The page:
Literary Criticism and Significance
A Year Down Yonder is the sequel to Richard Peck’s Newbery Honor–winning book, A Long Way from Chicago. In that earlier offering, Mary Alice’s older brother, Joey, recounts the madcap experiences he and his little sister shared during their annual childhood summer visits to Grandma Dowdel’s home in rural southern Illinois. In 1937, Joey is all grown up and out on his own, but Mary Alice is only fifteen and still in high school. A Year Down Yonder is her story, told in her voice, as she is sent alone to spend a year or more with her eccentric grandmother because of her family’s difficult economic situation.
Like its predecessor, A Year Down Yonder is fast moving, funny, and entertaining, and its “larger than life characters” are deftly brought to life with vivid description and wit. The heart of the narrative is the fiery and irrepressible Grandma Dowdel, whose astoundingly unconventional but always purposeful shenanigans result in a series of hilarious adventures which, in the estimation of reviewers, “rest solidly within the American literary tradition of Mark Twain and Bret Harte.”
The author was brought up in Decatur, Illinois, which he calls “the real Illinois a long way from Chicago.” The post-Depression era farm town setting of A Year Down Yonder springs from the author’s own childhood experiences and conveys an authentic sense of “the atmosphere, attitudes, and lifestyle of the times.” The book celebrates the attributes of self-reliance, innovation, and community. With its specific orientation in time and place, it is especially valuable in helping teen readers gain a “historical perspective of the depression years in small-town America.”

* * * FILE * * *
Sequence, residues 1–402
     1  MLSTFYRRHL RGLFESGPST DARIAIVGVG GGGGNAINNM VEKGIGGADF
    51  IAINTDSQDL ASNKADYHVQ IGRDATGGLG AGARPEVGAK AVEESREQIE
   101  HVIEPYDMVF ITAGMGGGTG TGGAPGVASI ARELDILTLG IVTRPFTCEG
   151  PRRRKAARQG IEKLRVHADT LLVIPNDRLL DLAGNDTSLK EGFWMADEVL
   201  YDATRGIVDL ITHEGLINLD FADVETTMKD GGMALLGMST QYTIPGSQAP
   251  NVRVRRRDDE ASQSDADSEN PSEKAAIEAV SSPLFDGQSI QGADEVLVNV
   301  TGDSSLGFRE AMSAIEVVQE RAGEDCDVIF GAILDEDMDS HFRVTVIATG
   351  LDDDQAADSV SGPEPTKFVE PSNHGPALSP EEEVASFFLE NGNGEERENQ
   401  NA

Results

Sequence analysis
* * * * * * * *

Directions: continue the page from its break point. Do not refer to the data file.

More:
A Year Down Yonder is that rare rendering that possesses both simplicity and depth. The book is packed with hilarity and riveting action; it would be perfect in enticing the interest of the reluctant reader. Although the chapters followed in sequence form a unit describing the entire course of Mary Alice’s eleventh-grade year, each chapter can also stand alone, making it ideal for use as material to read aloud in class. Despite its straightforward presentation, the narrative explores key characters and themes with surprising depth, providing astute insights on the range of human behavior and the nature of love.
A Year Down Yonder has been named an American Library Association Notable Book and an American Library Association Best Book for Young Adults, and it won the prestigious Newbery Medal in 2001.